Listed Building

The legal part of the listing is the address/name of site only. All other information in the record is not statutory.


Status: Designated


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Date Added
Local Authority
East Ayrshire
Planning Authority
East Ayrshire
NS 52748 21755
252748, 621755


First phase 1906-12, new shaft sunk and production flow reorganised in 1950's. A large colliery complex, with two shafts, one (No 3) for man and coal winding, the other upcast for emergency use. The listing encompasses more important elements surviving from both phases of construction.

OLD NO 1 AND NO 2 WINDING ENGINE HOUSES. Built 1906-12, and formerly housing steam winding engines, pair of single storey and basement red and yellow brick buildings, with round-headed openings. Side walls (6 bay) and tripartite gable elevations have red brick panels surrounded by yellow brick, arched heads of the windows and doors are also of yellow brick. Skews and skewputs of red sandstone. Roofs slated, with two ridge ventilators on each. On shaft side gables unusually extended to provide pedimented screen walls in front of roof extensions to accommodate winding ropes. Minor alterations to both buildings.

ELECTRICITY GENERATING STATION. Built 1906-12, single storey and basement red and yellow-brick building 3 by 4 bay, extended on long face by 4 bays both sections with hipped roofs. Architectural treatment is similar to that of winding engine houses, externally little altered.

WATER TREATMENT HOUSE, CHIMNEY AND BOILERS. Water treatment house, is in red brick 2-storey building 5 by 1 bay building, with replacement corrugated and perspex roof. Style comparable to other older buildings, use of yellow brick limited to window heads at the upper level. Two Lancashire boilers in brick setting, with late concrete buttresses, associated steam piping, later brick and concrete flue and a plain circular-section brick chimney stalk at the base remains of cast-iron economiser.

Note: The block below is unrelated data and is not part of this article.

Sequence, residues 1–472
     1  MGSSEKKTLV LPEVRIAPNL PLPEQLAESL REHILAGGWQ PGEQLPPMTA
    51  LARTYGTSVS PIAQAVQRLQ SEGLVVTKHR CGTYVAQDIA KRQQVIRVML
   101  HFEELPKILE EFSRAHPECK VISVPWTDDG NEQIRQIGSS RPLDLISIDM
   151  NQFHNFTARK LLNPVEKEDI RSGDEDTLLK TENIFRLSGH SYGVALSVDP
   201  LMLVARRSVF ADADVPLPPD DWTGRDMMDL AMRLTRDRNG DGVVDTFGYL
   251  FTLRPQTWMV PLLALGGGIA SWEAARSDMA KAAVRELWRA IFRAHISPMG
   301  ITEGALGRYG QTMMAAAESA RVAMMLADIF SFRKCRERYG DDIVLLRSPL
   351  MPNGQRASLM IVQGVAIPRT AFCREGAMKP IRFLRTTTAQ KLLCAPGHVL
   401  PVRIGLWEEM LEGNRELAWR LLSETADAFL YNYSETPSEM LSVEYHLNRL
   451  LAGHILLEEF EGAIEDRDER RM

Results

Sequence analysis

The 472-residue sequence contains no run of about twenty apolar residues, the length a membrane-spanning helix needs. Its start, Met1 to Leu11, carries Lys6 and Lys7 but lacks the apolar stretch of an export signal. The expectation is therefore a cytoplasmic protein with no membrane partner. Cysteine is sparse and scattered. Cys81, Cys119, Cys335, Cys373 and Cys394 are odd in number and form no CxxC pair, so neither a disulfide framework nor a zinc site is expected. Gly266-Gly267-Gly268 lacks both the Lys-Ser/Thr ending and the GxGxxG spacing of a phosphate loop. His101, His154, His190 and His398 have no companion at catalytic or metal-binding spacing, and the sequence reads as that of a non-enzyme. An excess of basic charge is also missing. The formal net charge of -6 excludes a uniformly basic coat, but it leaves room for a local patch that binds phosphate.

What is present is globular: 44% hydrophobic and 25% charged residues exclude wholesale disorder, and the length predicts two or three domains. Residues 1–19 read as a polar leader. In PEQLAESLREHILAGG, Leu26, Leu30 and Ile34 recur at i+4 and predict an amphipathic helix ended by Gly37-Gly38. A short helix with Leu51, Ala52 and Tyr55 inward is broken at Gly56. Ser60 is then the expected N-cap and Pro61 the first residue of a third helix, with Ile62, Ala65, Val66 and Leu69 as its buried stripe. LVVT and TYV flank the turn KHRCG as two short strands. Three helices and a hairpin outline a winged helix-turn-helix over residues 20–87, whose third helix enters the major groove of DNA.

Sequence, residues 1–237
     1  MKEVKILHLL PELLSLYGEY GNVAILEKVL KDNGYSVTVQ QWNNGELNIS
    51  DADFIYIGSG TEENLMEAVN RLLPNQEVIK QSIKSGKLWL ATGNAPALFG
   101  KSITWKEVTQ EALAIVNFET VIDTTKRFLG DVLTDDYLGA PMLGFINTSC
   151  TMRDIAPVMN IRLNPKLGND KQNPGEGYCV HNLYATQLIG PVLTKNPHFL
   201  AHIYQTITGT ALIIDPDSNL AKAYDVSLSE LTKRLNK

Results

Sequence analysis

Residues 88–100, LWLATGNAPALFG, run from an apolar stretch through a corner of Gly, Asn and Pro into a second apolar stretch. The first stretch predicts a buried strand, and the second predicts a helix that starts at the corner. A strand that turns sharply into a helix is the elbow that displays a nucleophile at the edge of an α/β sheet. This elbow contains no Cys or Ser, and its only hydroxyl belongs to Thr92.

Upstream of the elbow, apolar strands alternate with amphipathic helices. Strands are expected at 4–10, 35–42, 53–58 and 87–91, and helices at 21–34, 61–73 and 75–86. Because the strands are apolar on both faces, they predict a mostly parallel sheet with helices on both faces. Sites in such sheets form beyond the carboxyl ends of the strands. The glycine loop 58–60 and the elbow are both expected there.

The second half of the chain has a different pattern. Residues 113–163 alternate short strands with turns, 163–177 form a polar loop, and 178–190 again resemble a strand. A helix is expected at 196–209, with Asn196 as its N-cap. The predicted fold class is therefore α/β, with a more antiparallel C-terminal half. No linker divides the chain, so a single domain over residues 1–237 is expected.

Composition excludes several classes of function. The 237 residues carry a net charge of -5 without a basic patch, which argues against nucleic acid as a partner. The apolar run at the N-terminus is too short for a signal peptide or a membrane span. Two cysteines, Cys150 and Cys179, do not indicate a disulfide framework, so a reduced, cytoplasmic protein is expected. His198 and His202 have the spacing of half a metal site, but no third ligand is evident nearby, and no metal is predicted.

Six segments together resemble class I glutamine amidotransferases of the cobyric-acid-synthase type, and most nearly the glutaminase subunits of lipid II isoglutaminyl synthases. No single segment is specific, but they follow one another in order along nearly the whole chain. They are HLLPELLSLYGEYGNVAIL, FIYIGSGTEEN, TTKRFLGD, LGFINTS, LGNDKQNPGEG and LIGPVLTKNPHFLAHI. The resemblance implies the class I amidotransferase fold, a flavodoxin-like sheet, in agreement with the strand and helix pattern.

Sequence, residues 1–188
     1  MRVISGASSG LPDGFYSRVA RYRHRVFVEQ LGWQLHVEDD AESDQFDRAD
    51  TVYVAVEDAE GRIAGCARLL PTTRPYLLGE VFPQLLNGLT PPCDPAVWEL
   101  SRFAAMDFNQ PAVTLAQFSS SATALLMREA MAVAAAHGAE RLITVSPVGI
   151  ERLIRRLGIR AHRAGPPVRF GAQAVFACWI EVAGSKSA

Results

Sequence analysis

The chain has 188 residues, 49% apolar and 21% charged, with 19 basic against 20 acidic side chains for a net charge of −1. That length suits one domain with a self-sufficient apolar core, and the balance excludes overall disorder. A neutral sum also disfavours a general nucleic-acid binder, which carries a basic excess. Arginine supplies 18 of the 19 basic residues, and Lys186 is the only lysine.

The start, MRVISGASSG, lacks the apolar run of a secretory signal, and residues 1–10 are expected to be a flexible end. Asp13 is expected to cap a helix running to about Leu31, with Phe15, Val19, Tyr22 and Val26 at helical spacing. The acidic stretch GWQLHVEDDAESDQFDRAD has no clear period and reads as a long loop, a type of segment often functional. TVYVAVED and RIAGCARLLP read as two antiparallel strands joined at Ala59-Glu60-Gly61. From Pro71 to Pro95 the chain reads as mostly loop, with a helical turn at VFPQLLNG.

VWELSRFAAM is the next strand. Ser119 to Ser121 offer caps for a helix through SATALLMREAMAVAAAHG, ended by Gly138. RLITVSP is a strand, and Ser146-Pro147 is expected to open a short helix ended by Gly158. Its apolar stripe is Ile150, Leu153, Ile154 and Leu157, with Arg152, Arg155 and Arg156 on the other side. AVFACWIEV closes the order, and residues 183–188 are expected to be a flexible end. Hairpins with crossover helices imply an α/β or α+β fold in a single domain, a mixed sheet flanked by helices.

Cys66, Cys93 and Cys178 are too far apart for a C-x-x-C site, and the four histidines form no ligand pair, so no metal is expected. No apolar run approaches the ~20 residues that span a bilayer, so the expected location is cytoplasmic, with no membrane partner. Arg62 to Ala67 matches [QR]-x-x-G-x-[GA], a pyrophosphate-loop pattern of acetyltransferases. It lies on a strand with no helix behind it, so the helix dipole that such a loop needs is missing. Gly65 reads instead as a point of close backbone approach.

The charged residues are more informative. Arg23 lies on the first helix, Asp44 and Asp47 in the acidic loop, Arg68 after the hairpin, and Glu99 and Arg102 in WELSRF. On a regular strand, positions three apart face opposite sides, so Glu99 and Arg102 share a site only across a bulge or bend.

NO 3 HEADGEAR No 3 headgear four legged welded steel A frame structure with four pulley wheels.

Statement of Special Interest

Barony Colliery first large modern colliery in Ayrshire. After 1st shaft sunk for the Eglinton Iron Co in connection with the Lugar ironworks. In 1957 an electricity generating station was opened on adjoining site, to burn coal slurry from washing plant. Power station closed and demolished in 1983. Colliery closed in 1989. The coal washing and loading points, car hall, linked engine house and covered conveyors are excluded from the listing.



No Bibliography entries for this designation

About Listed Buildings

Listing is the way that a building or structure of special architectural or historic interest is recognised by law through the Planning (Listed Buildings and Conservation Areas) (Scotland) Act 1997.

We list buildings of special architectural or historic interest using the criteria published in the Historic Environment Scotland Policy Statement.

The statutory listing address is the legal part of the listing. The information in the listed building record gives an indication of the special architectural or historic interest of the listed building(s). It is not a definitive historical account or a complete description of the building(s). The format of the listed building record has changed over time. Earlier records may be brief and some information will not have been recorded.

Listing covers both the exterior and the interior. Listing can cover structures not mentioned which are part of the curtilage of the building, such as boundary walls, gates, gatepiers, ancillary buildings etc. The planning authority is responsible for advising on what is covered by the listing including the curtilage of a listed building. For information about curtilage see Since 1 October 2015 we have been able to exclude items from a listing. If part of a building is not listed, it will say that it is excluded in the statutory address and in the statement of special interest in the listed building record. The statement will use the word 'excluding' and quote the relevant section of the Historic Environment Scotland Act 2014. Some earlier listed building records may use the word 'excluding', but if the Act is not quoted, the record has not been revised to reflect current legislation.

If you want to alter, extend or demolish a listed building you need to contact your planning authority to see if you need listed building consent. The planning authority is the main point of contact for all applications for listed building consent.

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Printed: 21/11/2018 17:05